Relevance to U.S. Wars and Militarism Today
50 years ago, on April 4, 1967 at Riverside Church, in NYC, Martin Luther King delivered his powerful and most controversial speech, “Beyond Vietnam: A Time to Break Silence”. No longer willing to keep silent about the immorality of the Vietnam War, knowing the intense criticism he would receive for speaking out, he nevertheless was compelled to speak, “I am here tonight because my conscience leaves me no other choice”.
King spoke against war and its crippling effects on social progress. He denounced the death and destruction in Vietnam and the waste of billions on an immoral war. All this at the expense of the poor and those serving in the military. The destruction done to the Vietnamese is the same destruction we are doing to the Afghans, Iraqis, Syrians, Yemenis, Somalis, Libyans, Pakistanis, and others today.
“A nation that continues year after year to spend more money on military defense than on programs of social uplift is approaching spiritual death.”
I am as deeply concerned about our own troops there as anything else. For it occurs to me that what we are submitting them to in Vietnam is not simply the brutalizing process that goes on in any war where armies face each other and seek to destroy. We are adding cynicism to the process of death, for they must know after a short period there that none of the things we claim to be fighting for are really involved. Before long they must know that their government has sent them into a struggle among Vietnamese, and the more sophisticated surely realize that we are on the side of the wealthy, and the secure, while we create a hell for the poor.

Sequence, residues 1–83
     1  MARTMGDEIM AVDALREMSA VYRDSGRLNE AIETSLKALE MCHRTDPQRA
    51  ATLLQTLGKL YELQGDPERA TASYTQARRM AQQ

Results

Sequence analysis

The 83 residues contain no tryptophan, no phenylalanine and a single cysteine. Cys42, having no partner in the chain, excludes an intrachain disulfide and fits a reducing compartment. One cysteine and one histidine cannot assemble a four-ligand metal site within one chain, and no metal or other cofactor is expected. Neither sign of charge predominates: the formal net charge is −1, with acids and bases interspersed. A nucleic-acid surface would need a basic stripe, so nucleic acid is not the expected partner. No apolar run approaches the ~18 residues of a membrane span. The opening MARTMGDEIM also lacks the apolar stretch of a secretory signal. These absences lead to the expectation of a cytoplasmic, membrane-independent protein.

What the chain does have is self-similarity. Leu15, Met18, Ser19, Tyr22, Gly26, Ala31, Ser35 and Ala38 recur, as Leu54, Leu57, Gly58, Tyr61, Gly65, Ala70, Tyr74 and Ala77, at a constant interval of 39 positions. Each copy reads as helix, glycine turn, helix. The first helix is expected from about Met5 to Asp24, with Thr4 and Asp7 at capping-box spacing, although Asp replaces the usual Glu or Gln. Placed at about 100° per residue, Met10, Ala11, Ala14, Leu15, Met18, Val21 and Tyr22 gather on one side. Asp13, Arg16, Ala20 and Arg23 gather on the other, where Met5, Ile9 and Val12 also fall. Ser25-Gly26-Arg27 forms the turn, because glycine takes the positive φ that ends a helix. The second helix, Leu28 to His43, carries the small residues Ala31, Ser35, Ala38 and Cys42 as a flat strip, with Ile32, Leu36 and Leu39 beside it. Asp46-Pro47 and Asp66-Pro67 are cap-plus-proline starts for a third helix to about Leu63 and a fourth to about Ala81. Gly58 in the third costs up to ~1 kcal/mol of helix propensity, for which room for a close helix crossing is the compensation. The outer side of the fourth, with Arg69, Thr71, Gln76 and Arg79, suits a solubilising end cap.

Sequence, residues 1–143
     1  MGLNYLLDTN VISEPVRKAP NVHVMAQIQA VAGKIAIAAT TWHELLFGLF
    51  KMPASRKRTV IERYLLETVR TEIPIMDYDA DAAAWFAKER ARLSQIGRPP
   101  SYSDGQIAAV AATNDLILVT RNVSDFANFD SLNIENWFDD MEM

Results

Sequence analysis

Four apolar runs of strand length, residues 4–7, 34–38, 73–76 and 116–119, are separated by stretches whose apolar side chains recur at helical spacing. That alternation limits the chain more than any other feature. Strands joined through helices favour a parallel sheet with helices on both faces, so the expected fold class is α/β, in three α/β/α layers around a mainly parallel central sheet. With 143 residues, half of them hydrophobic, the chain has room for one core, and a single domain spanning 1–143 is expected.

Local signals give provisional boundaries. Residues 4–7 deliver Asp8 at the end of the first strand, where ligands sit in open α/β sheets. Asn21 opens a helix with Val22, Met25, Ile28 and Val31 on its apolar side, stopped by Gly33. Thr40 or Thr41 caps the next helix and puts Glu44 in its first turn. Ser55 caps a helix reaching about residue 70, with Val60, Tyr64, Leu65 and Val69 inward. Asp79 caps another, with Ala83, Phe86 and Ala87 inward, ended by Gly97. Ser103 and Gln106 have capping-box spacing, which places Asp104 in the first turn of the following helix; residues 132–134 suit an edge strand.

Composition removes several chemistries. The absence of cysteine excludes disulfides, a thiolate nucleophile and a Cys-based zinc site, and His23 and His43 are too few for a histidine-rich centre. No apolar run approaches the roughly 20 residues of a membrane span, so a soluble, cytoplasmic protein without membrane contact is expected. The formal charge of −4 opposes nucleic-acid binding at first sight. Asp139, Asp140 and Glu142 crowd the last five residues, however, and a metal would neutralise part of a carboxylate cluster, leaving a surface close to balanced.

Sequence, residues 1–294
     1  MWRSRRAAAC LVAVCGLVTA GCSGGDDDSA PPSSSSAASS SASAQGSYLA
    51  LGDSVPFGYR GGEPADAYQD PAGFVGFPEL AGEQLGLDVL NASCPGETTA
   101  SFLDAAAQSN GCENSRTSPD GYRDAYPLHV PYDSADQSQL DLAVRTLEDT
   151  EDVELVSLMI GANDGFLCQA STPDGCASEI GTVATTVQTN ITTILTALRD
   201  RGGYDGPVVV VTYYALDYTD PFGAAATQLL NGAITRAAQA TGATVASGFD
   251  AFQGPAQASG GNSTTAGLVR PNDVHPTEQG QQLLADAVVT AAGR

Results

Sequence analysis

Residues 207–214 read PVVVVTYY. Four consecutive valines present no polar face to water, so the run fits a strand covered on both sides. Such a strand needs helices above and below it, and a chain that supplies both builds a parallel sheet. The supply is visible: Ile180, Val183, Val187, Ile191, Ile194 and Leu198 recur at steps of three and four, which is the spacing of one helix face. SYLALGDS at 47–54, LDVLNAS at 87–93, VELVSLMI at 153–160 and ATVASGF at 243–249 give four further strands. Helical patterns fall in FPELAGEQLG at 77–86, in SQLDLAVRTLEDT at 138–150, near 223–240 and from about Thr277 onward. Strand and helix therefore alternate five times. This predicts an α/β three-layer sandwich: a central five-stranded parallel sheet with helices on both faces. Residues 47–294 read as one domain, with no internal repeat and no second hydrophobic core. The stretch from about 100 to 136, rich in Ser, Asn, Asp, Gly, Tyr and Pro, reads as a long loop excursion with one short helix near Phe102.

King connected the inherit racism of killing the Vietnamese people with the killing of black people in America through dehumanization and contempt for “other” people.
King was greatly concerned that the war in Vietnam was destroying the soul of America. He called for an end to the war, detailing how a foreign policy based on violence and domination abroad, relates to the violence and problems we are afflicted with at home. He asked us to reassess our values to avoid future mistakes that could destroy our nation.
“We must rapidly begin the shift from a “thing-oriented” society to a “person-oriented” society. When machines and computers, profit motives and property rights are considered more important than people, the giant triplets of racism, materialism, and militarism are incapable of being conquered.”
King’s message was not heeded, and our problems have multiplied.
Since 1991 the U.S. has been at war in the Middle East, destabilizing the whole region. In 2016 the U.S. dropped bombs in seven countries: Afghanistan, Iraq, Syria, Yemen, Libya, Pakistan & Somalia.
The U.S. is the world’s #1 exporter of arms. We have more than 800 bases in over 70 countries. U.S. Special Forces have been deployed in over 105 countries. We have launched thousands of drone strikes.
Our Congressional representatives are cowards. They are willing to send ground troops into the war in Afghanistan, Iraq and now Syria, while refusing to debate and vote on the use of military force. Instead they shamefully forego their constitutional duty, to avoid being held accountable to their constituents.